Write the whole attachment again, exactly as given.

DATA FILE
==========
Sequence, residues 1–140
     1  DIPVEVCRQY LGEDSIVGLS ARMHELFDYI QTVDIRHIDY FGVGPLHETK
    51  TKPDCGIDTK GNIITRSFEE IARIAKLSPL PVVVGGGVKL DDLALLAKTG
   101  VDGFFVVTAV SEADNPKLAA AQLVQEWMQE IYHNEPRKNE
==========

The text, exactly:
Sequence, residues 1–140
     1  DIPVEVCRQY LGEDSIVGLS ARMHELFDYI QTVDIRHIDY FGVGPLHETK
    51  TKPDCGIDTK GNIITRSFEE IARIAKLSPL PVVVGGGVKL DDLALLAKTG
   101  VDGFFVVTAV SEADNPKLAA AQLVQEWMQE IYHNEPRKNE